Sexual Misconduct by Clergy, Lay Employees, and Volunteers – Part 1

A California court ruled that the first amendment guaranty of religious freedom prevented a woman from suing her church for the alleged sexual misconduct of its pastor.

Church Law and Tax 2004-01-01

Sexual misconduct by clergy, lay employees, and volunteers – Part 1

Key point 10-13.2. Several courts have refused to hold churches and denominational agencies liable on the basis of a breach of a fiduciary duty for the sexual misconduct of a minister. In some cases, this result is based on first amendment considerations.

* A California court ruled that the first amendment guaranty of religious freedom prevented a woman from suing her church for the alleged sexual misconduct of its pastor. A female church member (Anna) claimed that her pastor persuaded her to have sexual relations in the church parsonage. Prior to this relationship, Anna “was chaste and had never been involved in a sexual relationship.” The pastor called Anna once or more each day and often left “romantic and sexual messages” on her answering machine. He also falsely represented to her that he had never had sexual relations with others, that his sexual relationship with her was not improper, and that he intended to retire in the area of the church in order to remain near her. Prior to his relationship with Anna, the pastor had been involved in a sexual relationship with another female member of the church, and before that with women in other churches. Anna claimed that the pastor’s “propensity ” for engaging in sexual misconduct was well known and tolerated by his denomination (the “regional church”).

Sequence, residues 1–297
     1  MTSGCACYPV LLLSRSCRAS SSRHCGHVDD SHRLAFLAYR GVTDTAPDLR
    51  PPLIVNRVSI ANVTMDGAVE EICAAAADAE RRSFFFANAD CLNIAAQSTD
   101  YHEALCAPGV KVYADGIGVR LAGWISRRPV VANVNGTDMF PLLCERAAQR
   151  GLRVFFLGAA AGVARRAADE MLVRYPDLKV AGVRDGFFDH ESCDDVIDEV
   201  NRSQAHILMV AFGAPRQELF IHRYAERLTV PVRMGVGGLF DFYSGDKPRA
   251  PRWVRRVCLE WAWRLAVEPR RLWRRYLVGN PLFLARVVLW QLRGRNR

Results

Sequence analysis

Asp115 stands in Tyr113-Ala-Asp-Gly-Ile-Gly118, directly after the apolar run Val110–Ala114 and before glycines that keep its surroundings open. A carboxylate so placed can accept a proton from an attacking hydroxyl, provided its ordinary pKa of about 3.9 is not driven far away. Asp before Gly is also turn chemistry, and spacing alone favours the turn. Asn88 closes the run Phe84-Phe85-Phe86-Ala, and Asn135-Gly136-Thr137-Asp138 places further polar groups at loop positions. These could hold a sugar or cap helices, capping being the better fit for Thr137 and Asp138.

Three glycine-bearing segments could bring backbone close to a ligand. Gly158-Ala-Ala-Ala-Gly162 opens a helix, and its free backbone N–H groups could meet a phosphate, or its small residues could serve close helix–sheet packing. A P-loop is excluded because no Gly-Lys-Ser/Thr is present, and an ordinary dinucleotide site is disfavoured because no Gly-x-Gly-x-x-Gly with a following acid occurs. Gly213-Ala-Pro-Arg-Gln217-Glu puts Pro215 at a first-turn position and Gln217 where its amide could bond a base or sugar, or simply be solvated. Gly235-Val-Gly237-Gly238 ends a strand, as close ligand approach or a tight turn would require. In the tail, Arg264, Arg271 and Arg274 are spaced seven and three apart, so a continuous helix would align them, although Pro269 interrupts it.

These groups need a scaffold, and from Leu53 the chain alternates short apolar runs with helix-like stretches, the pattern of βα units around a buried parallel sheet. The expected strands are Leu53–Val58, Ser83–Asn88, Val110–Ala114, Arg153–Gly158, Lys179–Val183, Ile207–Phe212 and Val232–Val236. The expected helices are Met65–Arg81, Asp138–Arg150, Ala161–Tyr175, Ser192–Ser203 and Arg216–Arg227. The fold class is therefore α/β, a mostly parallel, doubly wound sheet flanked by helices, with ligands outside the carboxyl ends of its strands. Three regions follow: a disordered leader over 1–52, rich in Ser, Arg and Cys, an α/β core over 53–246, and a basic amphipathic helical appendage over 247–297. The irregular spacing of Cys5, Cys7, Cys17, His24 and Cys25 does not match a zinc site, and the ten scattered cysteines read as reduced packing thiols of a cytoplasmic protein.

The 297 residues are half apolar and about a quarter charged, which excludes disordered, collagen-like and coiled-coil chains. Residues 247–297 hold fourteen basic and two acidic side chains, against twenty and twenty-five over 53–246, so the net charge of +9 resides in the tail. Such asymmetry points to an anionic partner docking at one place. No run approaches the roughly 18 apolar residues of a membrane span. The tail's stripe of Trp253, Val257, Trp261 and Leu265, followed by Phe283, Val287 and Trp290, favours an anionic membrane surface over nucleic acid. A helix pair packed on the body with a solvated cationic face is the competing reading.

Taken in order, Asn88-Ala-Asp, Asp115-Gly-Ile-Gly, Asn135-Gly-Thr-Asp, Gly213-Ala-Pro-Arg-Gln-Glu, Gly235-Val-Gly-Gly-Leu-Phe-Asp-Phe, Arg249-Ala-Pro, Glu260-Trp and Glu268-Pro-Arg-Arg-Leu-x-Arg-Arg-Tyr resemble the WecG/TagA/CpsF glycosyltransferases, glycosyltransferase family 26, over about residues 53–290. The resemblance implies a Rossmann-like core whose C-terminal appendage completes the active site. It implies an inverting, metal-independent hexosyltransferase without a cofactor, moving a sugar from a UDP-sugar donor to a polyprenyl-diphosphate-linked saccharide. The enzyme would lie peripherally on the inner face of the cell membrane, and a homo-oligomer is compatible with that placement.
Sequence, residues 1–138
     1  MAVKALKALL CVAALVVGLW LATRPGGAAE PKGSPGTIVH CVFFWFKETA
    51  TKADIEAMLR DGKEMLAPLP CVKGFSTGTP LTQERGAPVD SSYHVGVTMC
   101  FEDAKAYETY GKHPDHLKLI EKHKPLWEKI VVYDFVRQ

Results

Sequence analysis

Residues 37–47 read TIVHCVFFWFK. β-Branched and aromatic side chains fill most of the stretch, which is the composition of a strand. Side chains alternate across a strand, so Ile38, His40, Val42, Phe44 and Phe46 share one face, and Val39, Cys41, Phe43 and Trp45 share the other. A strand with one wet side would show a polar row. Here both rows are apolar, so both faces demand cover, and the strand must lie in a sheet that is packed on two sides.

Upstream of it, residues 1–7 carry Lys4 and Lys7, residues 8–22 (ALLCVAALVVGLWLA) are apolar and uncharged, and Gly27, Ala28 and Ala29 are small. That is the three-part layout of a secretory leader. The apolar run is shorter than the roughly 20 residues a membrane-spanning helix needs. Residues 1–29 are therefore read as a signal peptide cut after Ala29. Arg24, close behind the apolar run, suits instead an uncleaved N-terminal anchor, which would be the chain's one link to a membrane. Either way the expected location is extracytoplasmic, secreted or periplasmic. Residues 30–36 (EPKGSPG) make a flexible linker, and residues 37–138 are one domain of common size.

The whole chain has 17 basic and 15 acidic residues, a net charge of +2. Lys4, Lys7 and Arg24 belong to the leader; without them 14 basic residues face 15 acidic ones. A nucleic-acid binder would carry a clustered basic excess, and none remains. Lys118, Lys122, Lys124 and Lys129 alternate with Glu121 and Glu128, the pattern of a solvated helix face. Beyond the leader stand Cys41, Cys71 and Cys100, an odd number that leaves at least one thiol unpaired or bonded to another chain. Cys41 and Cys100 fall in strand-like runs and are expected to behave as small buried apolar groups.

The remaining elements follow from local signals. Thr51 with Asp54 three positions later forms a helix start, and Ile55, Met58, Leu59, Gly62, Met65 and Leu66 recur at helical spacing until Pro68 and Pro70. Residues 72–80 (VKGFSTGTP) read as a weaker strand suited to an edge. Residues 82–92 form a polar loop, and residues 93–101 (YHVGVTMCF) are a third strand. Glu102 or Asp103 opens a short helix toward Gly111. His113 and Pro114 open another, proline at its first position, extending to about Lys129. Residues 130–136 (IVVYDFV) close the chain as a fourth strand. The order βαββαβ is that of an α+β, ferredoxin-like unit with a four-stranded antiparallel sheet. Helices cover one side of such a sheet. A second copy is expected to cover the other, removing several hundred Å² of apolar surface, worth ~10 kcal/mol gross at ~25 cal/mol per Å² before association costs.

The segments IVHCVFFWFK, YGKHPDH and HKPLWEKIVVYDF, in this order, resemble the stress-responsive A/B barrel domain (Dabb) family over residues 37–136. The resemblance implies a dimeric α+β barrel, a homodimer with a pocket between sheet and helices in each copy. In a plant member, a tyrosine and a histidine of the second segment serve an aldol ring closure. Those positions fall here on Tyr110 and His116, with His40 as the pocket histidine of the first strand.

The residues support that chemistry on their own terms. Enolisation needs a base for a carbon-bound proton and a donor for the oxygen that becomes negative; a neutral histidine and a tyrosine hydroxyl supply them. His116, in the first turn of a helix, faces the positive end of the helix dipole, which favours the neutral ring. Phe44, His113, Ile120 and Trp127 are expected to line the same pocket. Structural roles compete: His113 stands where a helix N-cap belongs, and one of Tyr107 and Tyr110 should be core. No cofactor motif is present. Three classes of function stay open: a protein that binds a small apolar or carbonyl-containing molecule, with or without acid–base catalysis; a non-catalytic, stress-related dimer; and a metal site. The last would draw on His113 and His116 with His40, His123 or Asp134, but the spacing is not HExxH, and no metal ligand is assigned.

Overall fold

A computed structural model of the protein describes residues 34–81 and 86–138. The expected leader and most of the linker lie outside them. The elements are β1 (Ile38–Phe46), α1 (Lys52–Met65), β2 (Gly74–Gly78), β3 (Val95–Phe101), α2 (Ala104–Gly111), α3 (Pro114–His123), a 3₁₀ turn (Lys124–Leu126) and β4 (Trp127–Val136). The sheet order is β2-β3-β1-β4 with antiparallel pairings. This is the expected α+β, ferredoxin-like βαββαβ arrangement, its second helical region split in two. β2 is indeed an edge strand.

Anna further asserted that the pastor knew she was “deeply religious” and would therefore “be readily subject to manipulation and control by him, and her judgment and ability to resist or reject his advances was substantially compromised by her religious faith and trust.” She insisted that the regional church was well aware of the pastor’s sexual misconduct (with herself and other women) because of the “open and notorious nature of his sexual activities and his frequent use of the parsonage for sexual encounters.” Because of this knowledge, the regional church should have known that the pastor created an unreasonable risk of harm to women. Anna sued her pastor and regional church as a result of the “irrevocable mental, physical and emotional harm; depression; mental and emotional distress; weight loss; public humiliation; and loss of her religious faith.”

A trial court dismissed all of Anna’s claims against the regional church on the ground that the first amendment guaranty of religious freedom prevented any judicial resolution of those claims. Anna appealed.

claims against the pastor

Anna claimed that her pastor was liable for her injuries because his acts violated a “fiduciary duty” that he owed her. The court made a number of important observations in resolving this claim.

(1) Seduction. The court concluded that a breach of fiduciary duty claim must be dismissed if it merely states a claim for “seduction.” The court noted that a state law abolishes any liability for seduction and related claims (including alienation of affections, seducing another’s spouse, etc.). Seduction generally means sexual intercourse “accomplished by the use of arts, persuasions, or wiles to overcome the resistance of a female who is not disposed of her own volition to step aside from the paths of virtue.” With the abolition of seduction as a basis for liability in California, “it is no longer possible for two consenting adults to engage in illicit intercourse” and therefore Anna was barred from suing her pastor unless she could prove that his conduct “breached some duty of care independent of seduction.”

(2) “Special relationship.” Anna claimed that church members and their ministers constitute a “special relationship” that imposes upon ministers a duty to act with the utmost care. She pointed out that the courts have recognized this basis of liability in the contexts of the attorney-client and doctor-patient relationships, and she argued that the same principle should apply to clergy. The court disagreed, noting that the relationship between clergy and church members is protected by constitutional principles that do not apply to other professional relationships. It concluded,